So what makes cyber activity so appealing for nation states? There are a number of factors:
- There are effectively zero consequences, even when activities are definitively tied to a particular nation — At a minimum, Russia, China, North Korea, Israel and the US have all carried out widely reported cyber attacks and suffered no consequences whatsoever.
- It can be highly effective. Russia successfully crippled the Ukrainian financial sector by deploying NotPetya. The USA and Israel managed to disrupt Iran’s nuclear program with Stuxnet. By releasing WannaCry into the wild, North Korea caused mass disruption.
- It’s cheaper, faster, and less committal than military intervention. And, as Russia has proven repeatedly, cyber activity also works well in conjunction with traditional military action.
Given all of the above, it’s no surprise that the idea of a cooperative international agreement (sometimes described as a “Digital Geneva Convention”) has been floating about for several years now.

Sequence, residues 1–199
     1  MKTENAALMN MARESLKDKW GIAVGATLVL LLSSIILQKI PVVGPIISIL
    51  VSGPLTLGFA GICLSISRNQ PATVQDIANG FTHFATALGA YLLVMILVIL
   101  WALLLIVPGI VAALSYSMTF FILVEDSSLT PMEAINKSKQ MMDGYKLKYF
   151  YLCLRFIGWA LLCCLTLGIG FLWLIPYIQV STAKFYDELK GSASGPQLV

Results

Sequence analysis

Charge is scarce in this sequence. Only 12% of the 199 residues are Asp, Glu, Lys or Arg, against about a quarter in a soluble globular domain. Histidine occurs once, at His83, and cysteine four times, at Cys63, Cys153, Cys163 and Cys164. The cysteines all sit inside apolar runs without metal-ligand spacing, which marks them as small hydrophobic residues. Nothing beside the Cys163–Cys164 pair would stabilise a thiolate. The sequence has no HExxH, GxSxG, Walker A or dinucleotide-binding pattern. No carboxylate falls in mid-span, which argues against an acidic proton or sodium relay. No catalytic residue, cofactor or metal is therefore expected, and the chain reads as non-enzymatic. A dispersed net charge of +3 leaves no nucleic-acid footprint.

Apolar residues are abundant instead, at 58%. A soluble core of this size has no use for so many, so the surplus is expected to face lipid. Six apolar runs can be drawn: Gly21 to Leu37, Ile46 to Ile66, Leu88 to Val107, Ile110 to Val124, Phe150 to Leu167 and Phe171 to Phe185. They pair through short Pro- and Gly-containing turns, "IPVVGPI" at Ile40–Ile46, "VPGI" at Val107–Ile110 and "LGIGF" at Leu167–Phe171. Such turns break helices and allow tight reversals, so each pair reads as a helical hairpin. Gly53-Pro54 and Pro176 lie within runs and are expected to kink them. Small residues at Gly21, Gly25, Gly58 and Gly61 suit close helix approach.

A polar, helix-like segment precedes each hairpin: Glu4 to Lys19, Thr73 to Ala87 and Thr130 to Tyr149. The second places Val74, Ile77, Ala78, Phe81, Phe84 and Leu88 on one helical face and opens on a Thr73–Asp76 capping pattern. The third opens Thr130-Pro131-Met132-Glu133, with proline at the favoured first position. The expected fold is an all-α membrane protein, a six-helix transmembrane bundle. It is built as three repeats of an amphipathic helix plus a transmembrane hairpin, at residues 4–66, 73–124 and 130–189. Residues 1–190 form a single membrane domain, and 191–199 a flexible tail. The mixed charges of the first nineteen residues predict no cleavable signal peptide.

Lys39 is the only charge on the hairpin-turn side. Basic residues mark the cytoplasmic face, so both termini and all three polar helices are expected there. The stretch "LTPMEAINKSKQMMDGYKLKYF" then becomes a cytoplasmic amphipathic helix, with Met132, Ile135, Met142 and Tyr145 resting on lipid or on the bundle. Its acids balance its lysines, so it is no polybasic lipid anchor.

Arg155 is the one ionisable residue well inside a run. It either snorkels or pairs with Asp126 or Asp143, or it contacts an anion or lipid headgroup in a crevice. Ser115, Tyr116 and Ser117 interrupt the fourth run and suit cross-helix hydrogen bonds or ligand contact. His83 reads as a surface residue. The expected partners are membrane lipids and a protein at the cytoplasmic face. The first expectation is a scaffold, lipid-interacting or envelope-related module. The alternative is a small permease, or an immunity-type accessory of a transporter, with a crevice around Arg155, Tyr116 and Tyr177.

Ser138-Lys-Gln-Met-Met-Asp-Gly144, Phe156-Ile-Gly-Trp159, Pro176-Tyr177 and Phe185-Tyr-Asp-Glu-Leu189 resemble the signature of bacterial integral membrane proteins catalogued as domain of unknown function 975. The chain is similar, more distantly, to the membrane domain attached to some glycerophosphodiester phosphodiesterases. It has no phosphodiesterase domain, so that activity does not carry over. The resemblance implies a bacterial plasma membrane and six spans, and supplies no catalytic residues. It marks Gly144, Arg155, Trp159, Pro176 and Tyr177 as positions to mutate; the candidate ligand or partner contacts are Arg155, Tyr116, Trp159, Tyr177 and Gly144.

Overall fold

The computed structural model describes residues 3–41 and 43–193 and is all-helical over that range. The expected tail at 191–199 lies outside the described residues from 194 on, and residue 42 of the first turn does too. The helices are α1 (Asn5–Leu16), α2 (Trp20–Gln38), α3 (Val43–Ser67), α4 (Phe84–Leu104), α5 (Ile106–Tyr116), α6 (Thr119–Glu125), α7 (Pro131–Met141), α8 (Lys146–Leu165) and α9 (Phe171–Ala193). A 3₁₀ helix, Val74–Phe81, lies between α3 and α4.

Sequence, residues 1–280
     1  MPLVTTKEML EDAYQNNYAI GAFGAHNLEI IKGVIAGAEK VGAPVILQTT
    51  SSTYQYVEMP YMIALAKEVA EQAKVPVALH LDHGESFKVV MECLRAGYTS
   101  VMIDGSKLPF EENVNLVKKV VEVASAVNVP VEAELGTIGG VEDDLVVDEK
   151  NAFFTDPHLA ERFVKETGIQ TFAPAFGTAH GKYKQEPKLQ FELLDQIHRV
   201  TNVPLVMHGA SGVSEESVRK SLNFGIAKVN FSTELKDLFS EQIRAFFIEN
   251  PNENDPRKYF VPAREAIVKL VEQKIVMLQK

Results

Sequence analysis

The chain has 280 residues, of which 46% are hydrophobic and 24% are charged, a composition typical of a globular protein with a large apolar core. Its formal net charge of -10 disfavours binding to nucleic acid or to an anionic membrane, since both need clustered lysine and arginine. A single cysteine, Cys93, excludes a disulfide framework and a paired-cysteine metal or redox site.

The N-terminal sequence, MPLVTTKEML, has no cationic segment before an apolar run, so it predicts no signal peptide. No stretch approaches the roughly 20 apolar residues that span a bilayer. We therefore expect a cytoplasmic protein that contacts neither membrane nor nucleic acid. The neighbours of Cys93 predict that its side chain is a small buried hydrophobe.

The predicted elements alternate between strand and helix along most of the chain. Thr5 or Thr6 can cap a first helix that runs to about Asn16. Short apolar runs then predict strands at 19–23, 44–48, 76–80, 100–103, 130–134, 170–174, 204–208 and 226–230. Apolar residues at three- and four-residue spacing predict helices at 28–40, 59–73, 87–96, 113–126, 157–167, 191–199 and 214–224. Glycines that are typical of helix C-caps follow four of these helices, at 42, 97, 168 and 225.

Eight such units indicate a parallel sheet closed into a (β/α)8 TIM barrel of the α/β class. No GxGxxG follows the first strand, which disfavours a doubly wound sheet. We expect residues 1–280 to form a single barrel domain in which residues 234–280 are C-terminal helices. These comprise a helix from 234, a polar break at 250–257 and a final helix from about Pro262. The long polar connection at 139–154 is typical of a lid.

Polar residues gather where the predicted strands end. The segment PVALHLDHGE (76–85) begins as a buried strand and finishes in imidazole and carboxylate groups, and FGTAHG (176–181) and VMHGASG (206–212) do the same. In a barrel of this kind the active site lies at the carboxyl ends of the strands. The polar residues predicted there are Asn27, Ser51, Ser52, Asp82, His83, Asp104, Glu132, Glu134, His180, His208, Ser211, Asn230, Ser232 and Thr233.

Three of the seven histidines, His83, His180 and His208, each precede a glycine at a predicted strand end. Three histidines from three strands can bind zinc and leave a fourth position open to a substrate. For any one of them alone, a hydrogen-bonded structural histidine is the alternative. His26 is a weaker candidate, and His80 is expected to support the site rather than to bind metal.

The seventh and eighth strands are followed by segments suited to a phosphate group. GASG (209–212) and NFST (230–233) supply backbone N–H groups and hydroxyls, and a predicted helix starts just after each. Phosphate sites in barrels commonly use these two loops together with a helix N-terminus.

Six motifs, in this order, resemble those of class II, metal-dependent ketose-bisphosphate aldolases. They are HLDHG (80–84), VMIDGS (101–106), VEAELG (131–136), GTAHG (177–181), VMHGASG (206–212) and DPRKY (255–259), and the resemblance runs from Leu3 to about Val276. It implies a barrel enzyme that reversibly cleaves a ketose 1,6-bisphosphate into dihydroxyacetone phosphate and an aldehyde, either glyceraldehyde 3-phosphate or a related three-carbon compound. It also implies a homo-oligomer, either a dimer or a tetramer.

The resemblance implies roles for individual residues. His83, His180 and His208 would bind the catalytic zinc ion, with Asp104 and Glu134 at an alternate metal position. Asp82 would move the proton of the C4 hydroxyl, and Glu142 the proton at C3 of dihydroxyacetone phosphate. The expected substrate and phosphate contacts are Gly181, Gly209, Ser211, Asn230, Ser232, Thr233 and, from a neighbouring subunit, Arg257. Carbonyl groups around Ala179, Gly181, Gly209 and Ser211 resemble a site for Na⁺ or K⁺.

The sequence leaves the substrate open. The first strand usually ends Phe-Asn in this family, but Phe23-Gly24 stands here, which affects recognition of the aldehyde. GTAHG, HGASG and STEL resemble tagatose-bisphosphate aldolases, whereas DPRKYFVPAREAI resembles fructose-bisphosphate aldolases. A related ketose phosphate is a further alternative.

But do we think it’s likely to happen in 2019? Probably not. At least, not in any meaningful capacity.
The difficulty is that while some countries will no doubt be happy to sign such an agreement — particularly those countries without an established cyber program — none of the six most active countries would be willing to do so.
As if to highlight this point, toward the end of 2018 French President Emmanuel Macron launched an international agreement on cyber activity at the Paris Peace forum. While the agreement was signed by 51 countries, none of the “usual suspects” were willing to put pen to paper. And if China, Russia, the USA, Israel, Iran, and North Korea won’t sign, there really isn’t much value to such an agreement.
Next Up: Technology Trends for 2019
2019 is going to be a busy year for security professionals as the cyber landscape continues to evolve.
Although cybersecurity budgets are rising, the corresponding rise in attack velocity means that in real terms security leaders stay in precisely the same position they have been in for the past several years — Never quite being in a position to cover all of their bases.
As before, then, a risk-based approach will be essential as CISOs and security teams look to build out their cyber programs.
This has been part one of our 2019 cybersecurity trends mini-series. In the next post, we’ll take a closer look at some of the technologies that will impact the cyber landscape in 2019, and provide insight into how you can expect to see them evolve.